EB3 Green Card
USCIS does not anticipate expanding Premium Processing Service to include EB-1-3 multinational executives and managers for the foreseeable future.
EB3 to EB2 conversion
EB3 to EB2 porting
EB3 to EB2
Good afternoon, everyone. This is US Immigration Attorney, Rajiv S. Khanna for immigration.com, the Law Offices of Rajiv S. Khanna, P.C.
This is a community information call. It is not intended to create an attorney/client relationship. Whatever we say here remains merely an informational conversation.
This is a follow-up to the August 30 Community Conference Call.
We are talking about issues related to converting from EB3 to EB2.
What is this idea of EB-3 to EB-2 conversion?
Most of you know that EB-3 for countries like India and China are very backed up and EB-2’s are better. Actually, for the rest of the world also, EB-2 is much better. So sometimes even though you have obtained a Labor Certification (PERM certification) and then you obtained an I-140 approval or you are on the path to that, you feel, “Oh, maybe I should have filed an EB-2, or maybe circumstances have changed and now I can file under EB-2.” So, in those cases, when we get the priority date from an EB-3 case and put it on top of an EB-2 case, thereby essentially converting an EB-3 case to an EB-2 case, we refer to that loosely as a conversion. Really, it is not a conversion. It is a new case filed under EB-2, and essentially the priority date is being transferred.
One relevant question here. Can priority dates be transferred if an employer revokes my old I-140?
The answer is “Yes.” USCIS has said that they will allow transfers (carryovers) of priority dates even if the old I-140 is revoked, as long as the revocation is not for fraud.
So, when you do this analysis of EB-3 to EB-2 conversion, the first question you want to ask yourself is “Am I currently qualified for EB-2?”
Why is this question important? Remember a Green Card is for a job in the future, which means today I am working as a programmer; tomorrow’s job could be a project manager, and even though I continue to work as a programmer for the next three years or until I get my Green Card, it is not a problem. The future job of project manager can be given to me once the Green Card is approved. Or before. That is up to the employer, but it is not required. So the idea is a Green Card is for a future job. However, you must be qualified for it on the date you filed the PERM application.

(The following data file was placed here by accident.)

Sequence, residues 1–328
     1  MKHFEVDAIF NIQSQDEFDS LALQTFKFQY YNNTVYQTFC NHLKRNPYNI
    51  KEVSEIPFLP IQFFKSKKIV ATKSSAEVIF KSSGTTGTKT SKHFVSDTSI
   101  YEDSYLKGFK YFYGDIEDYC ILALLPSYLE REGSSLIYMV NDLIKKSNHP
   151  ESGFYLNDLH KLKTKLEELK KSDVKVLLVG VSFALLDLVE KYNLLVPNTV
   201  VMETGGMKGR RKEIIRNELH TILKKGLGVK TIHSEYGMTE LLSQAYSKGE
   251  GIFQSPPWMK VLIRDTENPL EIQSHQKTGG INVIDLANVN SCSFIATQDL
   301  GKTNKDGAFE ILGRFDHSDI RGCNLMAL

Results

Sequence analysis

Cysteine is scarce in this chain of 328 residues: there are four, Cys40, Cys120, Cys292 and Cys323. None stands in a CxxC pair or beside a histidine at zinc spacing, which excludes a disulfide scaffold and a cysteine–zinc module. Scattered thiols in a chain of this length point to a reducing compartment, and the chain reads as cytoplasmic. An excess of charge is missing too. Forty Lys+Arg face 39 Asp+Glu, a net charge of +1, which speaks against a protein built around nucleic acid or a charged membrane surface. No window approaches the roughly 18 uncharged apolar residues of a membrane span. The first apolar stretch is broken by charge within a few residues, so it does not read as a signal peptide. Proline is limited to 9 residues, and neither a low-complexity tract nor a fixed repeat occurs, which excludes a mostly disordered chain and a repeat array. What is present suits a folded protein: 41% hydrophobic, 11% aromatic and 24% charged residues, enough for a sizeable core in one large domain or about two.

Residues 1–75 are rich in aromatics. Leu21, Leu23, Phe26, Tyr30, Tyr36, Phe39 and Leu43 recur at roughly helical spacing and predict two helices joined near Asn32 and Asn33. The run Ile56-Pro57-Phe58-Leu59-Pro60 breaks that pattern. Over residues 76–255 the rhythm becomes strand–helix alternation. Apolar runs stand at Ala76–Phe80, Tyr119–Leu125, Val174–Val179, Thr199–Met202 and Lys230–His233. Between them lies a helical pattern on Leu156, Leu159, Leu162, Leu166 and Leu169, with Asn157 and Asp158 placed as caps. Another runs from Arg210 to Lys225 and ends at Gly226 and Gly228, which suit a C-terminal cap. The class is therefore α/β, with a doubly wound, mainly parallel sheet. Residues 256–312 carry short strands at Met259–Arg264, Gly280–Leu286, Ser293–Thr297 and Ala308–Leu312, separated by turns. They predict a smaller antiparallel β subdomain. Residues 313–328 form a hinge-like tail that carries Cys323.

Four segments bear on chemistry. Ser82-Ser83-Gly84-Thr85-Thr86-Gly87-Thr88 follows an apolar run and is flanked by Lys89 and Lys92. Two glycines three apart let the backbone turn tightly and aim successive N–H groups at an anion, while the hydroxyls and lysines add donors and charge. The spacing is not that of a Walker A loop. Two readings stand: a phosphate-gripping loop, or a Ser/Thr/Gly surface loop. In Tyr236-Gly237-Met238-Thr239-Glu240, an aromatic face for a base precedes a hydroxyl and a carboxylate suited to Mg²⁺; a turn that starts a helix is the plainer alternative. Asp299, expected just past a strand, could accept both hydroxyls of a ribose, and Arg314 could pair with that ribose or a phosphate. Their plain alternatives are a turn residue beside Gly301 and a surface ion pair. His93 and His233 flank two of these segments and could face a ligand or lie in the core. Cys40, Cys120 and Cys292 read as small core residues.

So let’s say you have three years of experience after Bachelor’s Degree, and you know that the Green Card will take three or four more years, can you file under EB-2 today?
No, because you are not qualified. You may be qualified in two years or three years, but that does not mean you can file an EB-2 right now.
So are you currently qualified for EB-2?
One of the recommendations I have is for people who are not qualified and don’t have the five-year experience or have a three-year Bachelor’s Degree, you may consider doing a Master’s Degree online. I have a video on this. It’s on my blog. It tells you how to choose an appropriate on-line Master’s Degree program that is accredited and that will help you get into EB-2.
Here is a link to the video and a transcript:
Accreditation of distance education for EB-2
The next question you want to ask yourself is Do I want to process my EB-2 case with the same employer who petitioned the EB-3 or some other employer?
It is a little bit easier to do it with another employer, but given the choice between going with a totally new employer and going with an employer who is totally, solidly behind me, who is going to pay the attorney’s fees. This is a considerable expense. If they’re on my side and they want to cooperate fully with the law, then of course I would stay with the same employer.
The next question you have to ask yourself is Do you need a promotion--present or future?
What does that mean? What if you have three years of experience before you joined this employer, you want to process your Green Card through this employer, and you’ve got two years with this employer now? Now you’ve got five years but two years are with the same employer through whom you are going to file your EB-2 who also did your EB-3 earlier. In order to use that experience, you must be offered a job which is more than fifty percent different than what you were doing before. Let’s say the old job was all coding and the new job is mostly providing project management, so that’s a promotion and then the experience that you have gained with this employer can be applied towards your EB-2.
I hope I’m making myself clear. Most of you already know the concepts, but still I want to put it out there so that you are sensitized to the issues. You can ask your lawyers the right kind of questions and make sure your case is being properly approached. These concepts are difficult. They can be complicated. Even we can make mistakes. Lawyers are not perfect, as all of you know. Be educated and take your lawyers’ help in making these decisions.
It is very important to have a bona fide job.